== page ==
EDMONTON — Alberta’s chief medical officer is urging people to check health advisories before travelling abroad as the number of novel coronavirus cases in the province doubled to 14.
Dr. Deena Hinshaw says all the cases are travel related.
She says the risk of travelling outside the country is increasing and those planning trips outside Canada should check the latest recommendations from the Public Health Agency of Canada.
She says anyone returning to Canada should monitor their health for two weeks and self-isolate if they have symptoms of coronavirus, such as a cough or a fever.
The number of cases in Alberta is expected to rise, Hinshaw says, although the risk of catching the virus remains low.
The new cases include four people from the Calgary region and three people from the Edmonton area.
The men and women range in age from their 30s to 70s.
One of the original seven patients, who had a pre-existing health condition, is in hospital in stable condition.
The new patients visited a range of countries, including France, the Netherlands, Germany, the Philippines and the United States. One was also on the MS Braemar of Fred. Olsen Cruise Lines in the Caribbean.
Hinshaw said preventative work continues, with new information and cautionary materials being readied for schools and long-term care centres.
Anyone feeling ill, even if they have not travelled abroad, should avoid going to schools or long-term care centres or supportive living facilities, she said.
“We need to get used to a new normal,” Hinshaw told a news conference Tuesday.
“We all need to be vigilant and take additional precautions to limit the risk for others.”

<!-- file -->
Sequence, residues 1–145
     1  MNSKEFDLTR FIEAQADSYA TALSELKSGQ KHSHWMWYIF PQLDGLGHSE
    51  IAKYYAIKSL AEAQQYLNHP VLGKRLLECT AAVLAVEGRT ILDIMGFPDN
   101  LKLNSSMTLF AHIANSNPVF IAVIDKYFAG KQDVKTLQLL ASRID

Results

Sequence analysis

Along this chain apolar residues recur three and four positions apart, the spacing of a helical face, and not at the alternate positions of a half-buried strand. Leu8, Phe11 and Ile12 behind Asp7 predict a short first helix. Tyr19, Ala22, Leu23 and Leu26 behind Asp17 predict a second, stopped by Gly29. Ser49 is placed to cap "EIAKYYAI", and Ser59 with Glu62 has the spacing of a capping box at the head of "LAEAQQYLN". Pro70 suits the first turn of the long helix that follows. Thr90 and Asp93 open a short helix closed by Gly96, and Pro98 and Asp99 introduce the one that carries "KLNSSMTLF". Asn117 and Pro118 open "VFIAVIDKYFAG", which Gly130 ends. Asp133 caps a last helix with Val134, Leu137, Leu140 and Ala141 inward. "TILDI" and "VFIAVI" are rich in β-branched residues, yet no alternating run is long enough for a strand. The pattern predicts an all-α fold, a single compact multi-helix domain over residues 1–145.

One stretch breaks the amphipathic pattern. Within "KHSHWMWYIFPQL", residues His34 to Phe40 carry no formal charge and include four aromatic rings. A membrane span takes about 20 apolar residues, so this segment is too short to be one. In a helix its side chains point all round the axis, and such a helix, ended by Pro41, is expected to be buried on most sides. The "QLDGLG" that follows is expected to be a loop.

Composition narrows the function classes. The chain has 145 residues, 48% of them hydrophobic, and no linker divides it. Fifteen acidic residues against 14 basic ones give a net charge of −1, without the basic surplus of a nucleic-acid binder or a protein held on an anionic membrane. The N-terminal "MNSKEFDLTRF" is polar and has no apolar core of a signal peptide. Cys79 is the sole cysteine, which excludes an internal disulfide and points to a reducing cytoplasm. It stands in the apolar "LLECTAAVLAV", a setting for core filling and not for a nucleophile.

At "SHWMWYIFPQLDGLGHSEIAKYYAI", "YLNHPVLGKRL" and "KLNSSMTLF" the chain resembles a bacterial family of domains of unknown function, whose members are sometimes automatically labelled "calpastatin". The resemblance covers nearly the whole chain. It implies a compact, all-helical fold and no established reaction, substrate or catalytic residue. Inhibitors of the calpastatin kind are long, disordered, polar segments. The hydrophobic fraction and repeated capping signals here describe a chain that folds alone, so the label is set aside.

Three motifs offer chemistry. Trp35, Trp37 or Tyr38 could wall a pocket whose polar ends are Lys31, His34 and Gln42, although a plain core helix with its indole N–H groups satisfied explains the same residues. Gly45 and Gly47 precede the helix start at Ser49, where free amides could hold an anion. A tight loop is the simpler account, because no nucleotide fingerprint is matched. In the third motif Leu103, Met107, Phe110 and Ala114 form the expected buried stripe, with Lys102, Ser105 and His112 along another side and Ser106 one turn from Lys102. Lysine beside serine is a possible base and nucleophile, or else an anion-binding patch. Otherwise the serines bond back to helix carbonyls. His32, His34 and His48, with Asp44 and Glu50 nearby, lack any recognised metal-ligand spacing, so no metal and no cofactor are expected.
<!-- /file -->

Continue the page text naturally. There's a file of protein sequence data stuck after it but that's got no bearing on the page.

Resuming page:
Also Tuesday, the Opposition NDP urged the United Conservative government to introduce new protections for Alberta workers who are forced to self-isolate and miss work due to the coronavirus.
Labour critic Christina Gray said stronger job protection legislation and compensation would ensure that sick Albertans don’t feel compelled to go to work for fear of losing their jobs.
She’s asking the province to prohibit employers from requiring a doctor’s note.
“What do most Albertans do when they have the sniffles? They tough it out and they go to work,” said Gray.
“We cannot have that happen while we’re asking people to self-isolate and prevent the spread of a serious virus, one that can be fatal.”
Alberta’s labour ministry said it is working to find solutions surrounding quarantine and sick leave and is urging employees and employers to find alternate working arrangements for those who are self-isolating, such as working from home.
This report by The Canadian Press was first published March 10, 2020.
Dean Bennett, The Canadian Press